Judaism is not a monolithic construct, with the same practices being performed in the same ways by all adherents of the faith. Rather, it has developed many different forms, and each of these forms attracts followers for different reasons— some for their modern, liberal interpretation of spirituality, others for their strict adherence to tradition and dogma, and many more in between. For this reason, Jewish religious practices, such as the b’nai mitzvah, are performed in many different ways, depending on the time, the place, and the preferences and beliefs of the local Jewish community. For example, the Orthodox and Hasidic Jewish communities do not allow women to participate in religious ceremonies; so those aspects of the ritual are not performed in those communities, and instead, a party or a special meal at home is used to mark the event.
Some Jewish communities have tried at various times to gradually move away from focusing on the bar/bat mitzvah as the ultimate rite of passage. Their reasoning has been that 13 years is too young an age for a person to be considered an adult in any context, even one that is solely religious and does not carry with it privileges such as driving, voting, drinking, military service, and so on. Proponents of the bar/bat mitzvah respond that even in the pages of the Torah it is well understood that a 13-year-old is not truly ready for adulthood, because the Torah lists other ages as the ideal times for various events to occur: work at 20, marriage at 18, and so on. Defenders of the rite also make the point that it is important in the fast-paced modern world—where roles and responsibilities shift unexpectedly, sometimes placing children in the roles of adults and vice versa— for communities to provide rites of passage to their children as guideposts along life’s path.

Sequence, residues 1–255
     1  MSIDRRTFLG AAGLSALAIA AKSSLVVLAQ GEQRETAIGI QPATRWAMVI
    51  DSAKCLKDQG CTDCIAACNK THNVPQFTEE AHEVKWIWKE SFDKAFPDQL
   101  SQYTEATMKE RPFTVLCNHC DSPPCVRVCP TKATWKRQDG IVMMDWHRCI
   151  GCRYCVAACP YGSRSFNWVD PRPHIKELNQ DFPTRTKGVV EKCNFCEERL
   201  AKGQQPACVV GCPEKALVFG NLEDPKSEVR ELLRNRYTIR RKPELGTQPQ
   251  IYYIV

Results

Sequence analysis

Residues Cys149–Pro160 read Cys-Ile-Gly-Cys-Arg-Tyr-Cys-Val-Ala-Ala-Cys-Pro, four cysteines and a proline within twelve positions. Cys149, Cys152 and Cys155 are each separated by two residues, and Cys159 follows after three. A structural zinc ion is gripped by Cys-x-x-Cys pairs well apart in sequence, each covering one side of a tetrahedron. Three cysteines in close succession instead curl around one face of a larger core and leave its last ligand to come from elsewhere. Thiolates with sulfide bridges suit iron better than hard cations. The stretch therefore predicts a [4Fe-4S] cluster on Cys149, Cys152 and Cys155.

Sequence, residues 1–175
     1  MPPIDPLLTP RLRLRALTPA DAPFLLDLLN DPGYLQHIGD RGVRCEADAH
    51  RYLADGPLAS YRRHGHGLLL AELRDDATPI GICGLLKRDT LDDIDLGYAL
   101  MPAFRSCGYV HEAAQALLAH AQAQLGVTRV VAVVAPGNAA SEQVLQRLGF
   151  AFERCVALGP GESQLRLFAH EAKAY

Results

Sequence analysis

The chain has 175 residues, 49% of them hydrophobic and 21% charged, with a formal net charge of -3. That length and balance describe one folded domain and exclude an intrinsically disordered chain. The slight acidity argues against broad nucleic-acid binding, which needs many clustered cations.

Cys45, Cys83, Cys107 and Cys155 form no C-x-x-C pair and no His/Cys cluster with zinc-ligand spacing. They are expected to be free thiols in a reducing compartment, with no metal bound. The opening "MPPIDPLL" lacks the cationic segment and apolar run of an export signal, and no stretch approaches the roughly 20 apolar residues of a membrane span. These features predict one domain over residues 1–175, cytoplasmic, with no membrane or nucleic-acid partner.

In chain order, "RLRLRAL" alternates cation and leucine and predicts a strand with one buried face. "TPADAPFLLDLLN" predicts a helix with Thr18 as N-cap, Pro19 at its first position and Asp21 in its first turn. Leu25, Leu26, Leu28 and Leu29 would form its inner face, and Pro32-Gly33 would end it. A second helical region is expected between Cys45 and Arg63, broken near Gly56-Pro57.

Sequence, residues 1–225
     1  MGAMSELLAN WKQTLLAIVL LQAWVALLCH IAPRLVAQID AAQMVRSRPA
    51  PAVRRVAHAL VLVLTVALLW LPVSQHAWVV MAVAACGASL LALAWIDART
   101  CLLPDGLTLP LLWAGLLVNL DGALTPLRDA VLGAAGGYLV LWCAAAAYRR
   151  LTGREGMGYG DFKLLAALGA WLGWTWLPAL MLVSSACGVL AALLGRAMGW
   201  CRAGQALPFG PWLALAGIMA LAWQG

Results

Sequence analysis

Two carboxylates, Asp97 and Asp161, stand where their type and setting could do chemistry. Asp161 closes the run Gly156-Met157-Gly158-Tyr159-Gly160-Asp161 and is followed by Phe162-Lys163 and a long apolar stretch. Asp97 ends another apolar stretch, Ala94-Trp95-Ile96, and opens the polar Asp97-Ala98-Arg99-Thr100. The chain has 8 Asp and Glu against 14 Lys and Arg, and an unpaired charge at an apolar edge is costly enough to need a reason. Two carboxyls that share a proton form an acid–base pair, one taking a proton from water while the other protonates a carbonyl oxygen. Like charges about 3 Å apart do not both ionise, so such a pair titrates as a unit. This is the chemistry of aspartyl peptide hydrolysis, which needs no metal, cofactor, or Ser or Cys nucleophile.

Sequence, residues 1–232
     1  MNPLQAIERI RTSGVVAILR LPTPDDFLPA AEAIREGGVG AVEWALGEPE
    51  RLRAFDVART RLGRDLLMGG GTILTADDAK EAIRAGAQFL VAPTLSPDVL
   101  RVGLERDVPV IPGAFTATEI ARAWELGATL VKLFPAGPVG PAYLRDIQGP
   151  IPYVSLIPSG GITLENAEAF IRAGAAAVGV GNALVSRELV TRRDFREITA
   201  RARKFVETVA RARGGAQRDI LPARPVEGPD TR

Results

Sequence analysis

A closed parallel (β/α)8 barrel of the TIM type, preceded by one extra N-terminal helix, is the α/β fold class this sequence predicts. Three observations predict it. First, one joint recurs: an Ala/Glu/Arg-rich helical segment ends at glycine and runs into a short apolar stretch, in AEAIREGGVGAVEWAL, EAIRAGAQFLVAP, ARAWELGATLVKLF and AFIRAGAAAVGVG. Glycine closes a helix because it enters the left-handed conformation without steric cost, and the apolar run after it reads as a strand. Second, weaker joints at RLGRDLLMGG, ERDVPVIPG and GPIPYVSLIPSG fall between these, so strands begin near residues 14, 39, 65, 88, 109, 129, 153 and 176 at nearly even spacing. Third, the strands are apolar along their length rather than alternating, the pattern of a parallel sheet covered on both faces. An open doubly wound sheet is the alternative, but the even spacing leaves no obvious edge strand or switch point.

Critics of the bar/bat mitzvah point to its role in encouraging the proliferation of materialism and its tendency to cause parents to compete with one another to see who can spend the most and who can get the biggest names among entertainers to perform. For some, a preferable alternative to this circus-like atmosphere is the practice of confirmation at either age 16 or 18, similar to that performed in many Christian denominations. Despite efforts to promote confirmation, however, bar/bat mitzvahs continue to set the standard, particularly in the United States, where their extravagance fits well with the nation’s fondness for celebrities and spectacles. While parents may continue to lament the cost of the bar/bat mitzvah in dollars and in aggravation, few are willing to give up the pride and satisfaction that come from making the most of such a special day in their children’s lives.
- Magida, Arthur Opening the Doors of Wonder: Reflections on Religious Rites of Passage. Berkeley: University of California Press, 2006.
- Oppenheimer, Mark. Thirteen and a Day: The Bar and Bat Mitzvah Across America. New York: Farrar, Straus & Giroux, 2005.